Cyriel Verschaeve

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Cyriel Verschaeve
Beeld Cyriel Verschaeve.JPG
Statue in Alveringem
Born (1874-04-30)30 April 1874
Ardooie
Died 8 November 1949(1949-11-08) (aged 75)
Solbad Hall
Occupation Priest, writer, SS recruitment
Spouse(s) None (celibate)
Children None (celibate)

Cyriel Verschaeve (30 April 1874 – 8 November 1949) was a noted Flemish-nationalist priest and writer who collaborated with the Nazis during the Second World War. He was recognised as the spiritual leader of Flemish nationalism by the ideology's adherents.[1]

Early years[edit]

Born in Ardooie in West Flanders, Belgium to a catholic family, he began training to be a priest at the minor seminary in Roeselare in 1886, before moving on to Bruges in 1892 to complete his studies.[citation needed] He was finally ordained in 1897 and then continued his studies at the Friedrich Schiller University of Jena.[citation needed]

Nationalist leader[edit]

He returned to Belgium in 1911 to become a parish priest at Alveringem.[citation needed] Whilst here he became involved in the pacifist movement after the outbreak of the First World War.[citation needed] He also was involved in the development of the Frontbeweging, a Flemish autonomous group that eventually became the Frontpartij.[2] Along with August Borms, Verschaeve was the leading representative of the tendency within the Front Movement that felt Flemish aims might be aided by working with Germany, in contrast to the other wing that felt fighting for Belgium would make the Flemish case easier to advance.[3] On 12 August 1917 Verschaeve penned a second so-called "Open Letter" calling for better rights for beleaguered Flemish servicemen. Following a letter from a month earlier, Verschaeve's missive was noted for its more militant language which included an attack on the king for his failure to respond to the first letter. It marked the beginning of a widening gulf between the monarchy and the far right of Flemish nationalism.[4] In 1916 he also became president of a committee that sought to build a memorial to Flemish servicemen.[5] After the war this aims was realised with the building of the IJzertoren memorial, with Verschaeve ceremonially laying the first stone on 7 July 1928.[6]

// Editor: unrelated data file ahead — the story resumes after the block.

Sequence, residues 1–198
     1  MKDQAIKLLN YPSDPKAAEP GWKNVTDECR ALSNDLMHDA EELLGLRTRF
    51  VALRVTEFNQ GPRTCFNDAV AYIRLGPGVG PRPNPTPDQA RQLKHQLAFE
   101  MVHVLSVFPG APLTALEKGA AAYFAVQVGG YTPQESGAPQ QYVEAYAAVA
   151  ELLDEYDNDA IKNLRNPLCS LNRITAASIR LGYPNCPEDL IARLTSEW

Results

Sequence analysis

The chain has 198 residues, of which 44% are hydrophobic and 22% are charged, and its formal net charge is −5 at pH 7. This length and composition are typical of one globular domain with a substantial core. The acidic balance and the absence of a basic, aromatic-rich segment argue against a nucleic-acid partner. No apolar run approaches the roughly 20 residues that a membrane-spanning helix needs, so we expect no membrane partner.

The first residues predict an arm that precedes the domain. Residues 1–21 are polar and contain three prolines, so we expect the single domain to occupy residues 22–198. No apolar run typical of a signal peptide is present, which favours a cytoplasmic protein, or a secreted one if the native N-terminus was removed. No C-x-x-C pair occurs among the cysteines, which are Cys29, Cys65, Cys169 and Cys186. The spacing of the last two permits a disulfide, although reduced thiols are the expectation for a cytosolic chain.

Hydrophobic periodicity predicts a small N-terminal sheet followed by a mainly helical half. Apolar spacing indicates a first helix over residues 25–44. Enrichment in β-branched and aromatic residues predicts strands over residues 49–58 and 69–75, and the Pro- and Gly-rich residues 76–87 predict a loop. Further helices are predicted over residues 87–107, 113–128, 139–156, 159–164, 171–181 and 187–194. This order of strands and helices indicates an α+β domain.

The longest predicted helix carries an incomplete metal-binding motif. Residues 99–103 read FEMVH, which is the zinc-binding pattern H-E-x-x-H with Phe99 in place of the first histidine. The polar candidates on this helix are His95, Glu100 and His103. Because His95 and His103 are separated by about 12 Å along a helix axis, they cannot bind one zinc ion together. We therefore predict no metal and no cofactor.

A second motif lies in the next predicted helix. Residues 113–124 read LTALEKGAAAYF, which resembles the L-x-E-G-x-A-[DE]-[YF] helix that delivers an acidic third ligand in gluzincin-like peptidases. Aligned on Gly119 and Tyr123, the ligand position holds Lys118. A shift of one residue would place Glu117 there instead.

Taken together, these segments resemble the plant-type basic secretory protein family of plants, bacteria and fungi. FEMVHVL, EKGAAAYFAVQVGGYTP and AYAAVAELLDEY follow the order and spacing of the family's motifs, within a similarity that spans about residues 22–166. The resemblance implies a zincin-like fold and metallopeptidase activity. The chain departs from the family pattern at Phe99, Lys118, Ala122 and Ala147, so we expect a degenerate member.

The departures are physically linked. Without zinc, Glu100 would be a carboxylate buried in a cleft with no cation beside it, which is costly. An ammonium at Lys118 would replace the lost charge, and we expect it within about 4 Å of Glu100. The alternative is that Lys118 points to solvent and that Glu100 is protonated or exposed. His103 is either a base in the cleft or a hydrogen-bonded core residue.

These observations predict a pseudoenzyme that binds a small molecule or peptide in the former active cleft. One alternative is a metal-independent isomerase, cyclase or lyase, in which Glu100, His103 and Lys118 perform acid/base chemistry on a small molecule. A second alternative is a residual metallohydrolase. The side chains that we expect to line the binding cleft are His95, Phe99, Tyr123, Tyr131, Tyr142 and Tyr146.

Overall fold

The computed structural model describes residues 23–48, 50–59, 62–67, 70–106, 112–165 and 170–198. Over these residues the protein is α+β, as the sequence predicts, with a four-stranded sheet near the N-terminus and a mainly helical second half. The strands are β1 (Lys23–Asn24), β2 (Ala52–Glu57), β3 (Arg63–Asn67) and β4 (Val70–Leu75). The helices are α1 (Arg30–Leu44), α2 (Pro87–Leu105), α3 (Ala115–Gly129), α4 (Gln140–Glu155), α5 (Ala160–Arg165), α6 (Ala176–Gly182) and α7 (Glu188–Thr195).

Second World War[edit]

Dismissed as chaplain in 1939,[7] Verschaeve, who had long been sympathetic to Germany, wrote Het Uur van Vlaanderen in 1940 in which he articulated feelings of sympathy amongst the Flemish people for Nazi Germany, especially because of his Romantic admiration for German imperial culture as embodied in Richard Wagner.[8] As a result he was appointed to a Nazi set up body to deal with Flemish culture after the occupation of Belgium.[8] He also became involved with recruitment to the Flemish Legion in 1941.[8] Verschaeve was convinced the Soviet Union was the greatest danger to peace and culture in Europe, although alongside this anti-communism he became a convinced supporter of Nazism.[7] In 1944 he held a meeting with SS-Reichsführer Heinrich Himmler about the Flemish question, although it achieved little as the Allied advance into Belgium was not far away and Flanders would soon be liberated from Nazi control. Verschaeve told Himmler at this meeting, that while he rejected Nazi paganism, he thought Nazism could become complementary to the salvific message of the Church, as long as it remained political and activist.[8] Until the end of the successful Allied offensive against the Wehrmacht in western Belgium, Verschaeve continued calling upon young Flemish, Catholic, adolescent boys to volunteer in the Waffen-SS foreign legions against Stalin and "Satanic Bolshevism".[8][9]